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- Cardiac Catheterization And Angiography
- Cardiac Magnetic Resonance (cmr) Imaging
- Acute Myocardial Infarction
- Percutaneous Coronary Intervention
In patients with ST-segment elevation myocardial infarction (STEMI), primary percutaneous coronary intervention (PCI) successfully restores normal antegrade flow in the infarct-related artery in nearly 99% of patients. However, approximately half of all STEMI patients have failed microcirculatory reperfusion, as reflected by microvascular obstruction (MVO), and one-third have myocardial haemorrhage, reflecting severe, ‘downstream’, potentially irreversible, microvascular injury.1
MVO is the ‘Achilles Heel’ of primary PCI, yet clinicians are generally unaware of the occurrence of MVO and myocardial haemorrhage in their patients, unless cardiac magnetic resonance (CMR) is performed. However, CMR is not done routinely. Other established investigations for detecting failure of myocardial reperfusion, such as angiographic, or electrocardiographic parameters, lack sensitivity and reproducibility in clinical practice.
Immediate invasive measurement of microvascular resistance at the time of PCI has the potential to optimise the approach to therapeutic interventions by: (1) acutely identifying patients at high risk of MVO who are most likely to benefit from adjunct therapy, for example, with glycoprotein IIb/IIIa inhibitors, (2) targeting novel therapies in clinical trials to patients with evidence of microvascular dysfunction and (3) allowing immediate evaluation of the efficacy of reperfusion therapy. However, invasive tests of the efficacy of myocardial reperfusion in STEMI patients have been hampered by a number of methodological and technical shortcomings. The ideal acute invasive test of microvascular perfusion and dysfunction should be reliable and reproducible, operator independent and easy to perform with standard PCI equipment.
Currently, the index of microvascular resistance (IMR) has the most extensive evidence base to support its use as a reference test of culprit artery microvascular function in patients with acute STEMI.IMR is a thermodilution-derived index, measured using a guide wire that combines a pressure and temperature sensor. Specifically, IMR is defined as distal coronary pressure multiplied by the mean transit time of a 3 mL bolus of saline at room temperature during maximal coronary hyperaemia. IMR measured at the end of primary PCI reproducibly reflects the extent of MVO, observed on CMR. Moreover, an IMR >40 (postprimary PCI) reliably predicts mortality and heart failure (independent of infarct size) at 1 year.2 3 Importantly, IMR derived at peak hyperaemia has less haemodynamic dependence than coronary flow reserve (CFR), providing a more reproducible assessment of the microcirculation in patients with STEMI (figure 1).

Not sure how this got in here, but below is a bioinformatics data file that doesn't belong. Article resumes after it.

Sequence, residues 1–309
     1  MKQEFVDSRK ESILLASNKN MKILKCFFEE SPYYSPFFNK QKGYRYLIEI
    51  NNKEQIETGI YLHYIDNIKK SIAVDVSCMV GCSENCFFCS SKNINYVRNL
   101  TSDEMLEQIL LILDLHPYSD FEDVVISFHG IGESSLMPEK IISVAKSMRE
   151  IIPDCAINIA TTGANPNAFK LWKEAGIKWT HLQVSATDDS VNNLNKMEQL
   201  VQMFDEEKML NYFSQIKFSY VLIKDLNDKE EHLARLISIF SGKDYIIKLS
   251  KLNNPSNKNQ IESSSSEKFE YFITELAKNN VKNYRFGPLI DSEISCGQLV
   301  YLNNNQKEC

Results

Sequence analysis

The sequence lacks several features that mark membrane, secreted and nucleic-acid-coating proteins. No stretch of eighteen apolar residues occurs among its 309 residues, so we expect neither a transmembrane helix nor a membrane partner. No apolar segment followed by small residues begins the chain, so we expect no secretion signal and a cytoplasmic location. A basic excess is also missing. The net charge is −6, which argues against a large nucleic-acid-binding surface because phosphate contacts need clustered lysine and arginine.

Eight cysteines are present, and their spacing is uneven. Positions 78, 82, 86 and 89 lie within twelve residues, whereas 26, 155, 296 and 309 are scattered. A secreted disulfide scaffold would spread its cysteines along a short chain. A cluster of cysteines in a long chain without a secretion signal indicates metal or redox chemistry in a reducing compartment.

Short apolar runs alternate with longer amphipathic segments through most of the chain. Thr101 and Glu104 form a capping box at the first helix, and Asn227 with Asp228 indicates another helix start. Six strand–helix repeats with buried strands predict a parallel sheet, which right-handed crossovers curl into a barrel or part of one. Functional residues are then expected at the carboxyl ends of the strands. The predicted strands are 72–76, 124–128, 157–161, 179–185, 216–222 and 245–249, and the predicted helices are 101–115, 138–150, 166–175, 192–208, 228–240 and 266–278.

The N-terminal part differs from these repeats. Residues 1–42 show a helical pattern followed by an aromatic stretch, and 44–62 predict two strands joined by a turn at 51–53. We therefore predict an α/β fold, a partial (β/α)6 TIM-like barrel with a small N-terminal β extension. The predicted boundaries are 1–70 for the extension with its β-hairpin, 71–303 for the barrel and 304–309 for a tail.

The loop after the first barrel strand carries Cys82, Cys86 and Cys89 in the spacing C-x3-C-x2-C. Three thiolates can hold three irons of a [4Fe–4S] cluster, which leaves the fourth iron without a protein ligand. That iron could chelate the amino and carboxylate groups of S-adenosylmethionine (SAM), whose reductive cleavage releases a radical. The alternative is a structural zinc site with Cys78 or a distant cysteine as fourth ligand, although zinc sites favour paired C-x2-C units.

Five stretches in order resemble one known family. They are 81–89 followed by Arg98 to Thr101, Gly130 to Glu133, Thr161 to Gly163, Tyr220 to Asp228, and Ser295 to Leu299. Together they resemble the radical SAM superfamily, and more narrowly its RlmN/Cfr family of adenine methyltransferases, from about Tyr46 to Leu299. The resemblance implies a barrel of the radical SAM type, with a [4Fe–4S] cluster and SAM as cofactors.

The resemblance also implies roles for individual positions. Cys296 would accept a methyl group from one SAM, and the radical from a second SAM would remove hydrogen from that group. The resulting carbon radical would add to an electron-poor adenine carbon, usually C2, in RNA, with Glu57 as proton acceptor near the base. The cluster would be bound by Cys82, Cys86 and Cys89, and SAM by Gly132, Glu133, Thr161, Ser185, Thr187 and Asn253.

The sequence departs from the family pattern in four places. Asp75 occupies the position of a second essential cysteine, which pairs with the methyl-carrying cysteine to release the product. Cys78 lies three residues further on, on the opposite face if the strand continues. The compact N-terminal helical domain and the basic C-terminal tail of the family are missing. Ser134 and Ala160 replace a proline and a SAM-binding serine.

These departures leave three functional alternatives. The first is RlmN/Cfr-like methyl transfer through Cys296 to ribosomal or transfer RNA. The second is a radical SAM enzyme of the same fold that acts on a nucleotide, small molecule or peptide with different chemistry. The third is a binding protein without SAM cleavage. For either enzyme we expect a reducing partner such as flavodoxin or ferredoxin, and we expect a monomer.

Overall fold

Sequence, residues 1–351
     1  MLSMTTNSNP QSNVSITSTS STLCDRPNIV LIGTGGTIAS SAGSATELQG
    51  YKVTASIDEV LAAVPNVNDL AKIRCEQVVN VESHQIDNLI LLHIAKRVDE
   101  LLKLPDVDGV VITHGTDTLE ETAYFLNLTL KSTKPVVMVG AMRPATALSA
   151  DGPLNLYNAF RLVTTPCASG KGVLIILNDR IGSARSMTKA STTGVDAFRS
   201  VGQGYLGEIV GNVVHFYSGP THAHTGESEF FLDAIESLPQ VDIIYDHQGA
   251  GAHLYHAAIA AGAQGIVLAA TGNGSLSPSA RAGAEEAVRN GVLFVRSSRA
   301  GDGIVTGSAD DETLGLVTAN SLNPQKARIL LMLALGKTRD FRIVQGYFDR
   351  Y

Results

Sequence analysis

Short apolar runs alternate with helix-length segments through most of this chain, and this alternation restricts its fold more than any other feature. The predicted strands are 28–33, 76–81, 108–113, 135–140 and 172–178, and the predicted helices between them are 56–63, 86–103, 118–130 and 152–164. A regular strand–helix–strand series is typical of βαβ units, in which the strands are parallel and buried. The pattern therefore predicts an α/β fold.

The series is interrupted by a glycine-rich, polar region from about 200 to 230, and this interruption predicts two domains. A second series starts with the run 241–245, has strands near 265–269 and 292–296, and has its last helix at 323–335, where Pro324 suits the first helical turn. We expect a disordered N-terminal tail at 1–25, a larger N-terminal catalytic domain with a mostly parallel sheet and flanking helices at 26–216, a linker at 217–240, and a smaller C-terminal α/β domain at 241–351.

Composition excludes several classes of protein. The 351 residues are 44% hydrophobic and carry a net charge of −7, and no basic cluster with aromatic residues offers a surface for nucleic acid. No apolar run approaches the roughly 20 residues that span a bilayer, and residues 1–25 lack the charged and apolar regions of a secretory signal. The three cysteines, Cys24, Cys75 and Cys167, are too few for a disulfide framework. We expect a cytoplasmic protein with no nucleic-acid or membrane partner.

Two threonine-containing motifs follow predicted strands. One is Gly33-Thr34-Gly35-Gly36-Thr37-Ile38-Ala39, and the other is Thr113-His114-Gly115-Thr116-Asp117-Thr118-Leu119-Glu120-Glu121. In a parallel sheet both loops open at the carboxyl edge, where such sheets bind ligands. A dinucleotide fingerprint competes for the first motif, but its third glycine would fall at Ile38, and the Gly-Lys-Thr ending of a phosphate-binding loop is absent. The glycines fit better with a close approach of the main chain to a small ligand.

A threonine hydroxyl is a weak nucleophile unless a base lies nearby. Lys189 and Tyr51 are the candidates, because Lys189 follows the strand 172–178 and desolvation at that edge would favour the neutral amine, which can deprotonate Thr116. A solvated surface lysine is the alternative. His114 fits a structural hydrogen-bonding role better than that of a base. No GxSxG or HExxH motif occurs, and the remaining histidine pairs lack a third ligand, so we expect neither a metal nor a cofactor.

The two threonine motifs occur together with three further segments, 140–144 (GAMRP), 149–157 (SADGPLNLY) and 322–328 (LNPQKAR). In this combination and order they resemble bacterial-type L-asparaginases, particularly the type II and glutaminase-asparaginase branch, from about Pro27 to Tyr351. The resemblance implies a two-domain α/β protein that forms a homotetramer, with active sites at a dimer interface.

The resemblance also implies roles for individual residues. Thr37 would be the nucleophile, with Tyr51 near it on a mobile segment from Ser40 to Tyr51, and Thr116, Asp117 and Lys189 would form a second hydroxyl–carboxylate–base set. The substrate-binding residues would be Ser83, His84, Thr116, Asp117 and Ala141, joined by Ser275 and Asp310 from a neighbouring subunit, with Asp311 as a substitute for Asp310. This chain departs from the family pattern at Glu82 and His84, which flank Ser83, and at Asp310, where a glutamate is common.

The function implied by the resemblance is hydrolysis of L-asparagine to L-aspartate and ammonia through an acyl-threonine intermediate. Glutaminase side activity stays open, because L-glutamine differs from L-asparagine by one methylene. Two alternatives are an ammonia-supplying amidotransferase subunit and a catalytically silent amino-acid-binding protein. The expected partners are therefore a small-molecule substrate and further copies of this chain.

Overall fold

CFR reflects epicardial and microvascular vasodilator capacity (unlike IMR, which measures microvascular resistance); however, CFR does not allow discrimination between the two components. In a previous study, Carrick et al showed that IMR >40 and CFR ≤2 combined did not confer incremental prognostic value in STEMI patients.3 IMR was more closely associated with myocardial haemorrhage, whereas CFR (not IMR) was discriminative in patients with less severe (potentially reversible) MVO.4
In their Heart manuscript, de Waard et al 5 present their findings on hyperaemic microvascular resistance (HMR), compared with CFR, measured immediately after PCI for MI (n=176), as a predictor of clinical outcome and MVO (referred to as microvascular injury in their paper). HMR may be considered analogous to IMR, as they are both measures of microvascular resistance. However, unlike IMR, HMR is derived from pressure Doppler flow guide wires, thus negating the need for manual injection of saline. Specifically, HMR is the ratio between hyperaemic mean distal pressure and hyperaemic average Doppler flow peak velocity. A reliable Doppler flow velocity tracing is required for measurement; however, Doppler flow velocity signals may be inconsistent and are particularly influenced by the wire tip position. Indeed, in the current study, 8% of invasive measurements had to be excluded, due to poor Doppler flow signals, or iatrogenic coronary dissection in one patient.5 Compared with IMR, Doppler guide wire measurements have a steeper learning curve, the measurements are technically challenging, the amount of time involved to acquire the data may be longer and in general the Doppler wire is more expensive than the wire that is used to measure IMR. For all of these reasons, HMR is currently a method used in research protocols rather than in routine practice.
IMR also has drawbacks. A potential limitation of using IMR to assess MVO is that (unlike HMR) the location of the sensor influences transit time so should be constant during repeated measurements and in general standardised to 6–9 cm from the guide catheter. IMR has a weak association with LV mass (unlike CFR).4 Thus, intervessel variability in IMR measurement may exist, and the territorial extent of coronary microcirculatory disruption could be a potential confounding variable. Theoretically, for measured IMR to reflect, true microvascular resistance collateral flow needs to be taken into account, by correcting for wedge pressure, which is measured by balloon occlusion of the coronary artery. However, in the context of acute STEMI uncorrected-measured IMR correlates strongly with wedge-corrected IMR.6 The explanation for why collateral arteries can potentially complicate the measurement of microvascular resistance (ie, IMR or HMR) is that flow arising from collateral arteries distal to the sensor generates pressure that is transmitted through the coronary artery, hence overestimation of the distal pressure measurement and microvascular resistance.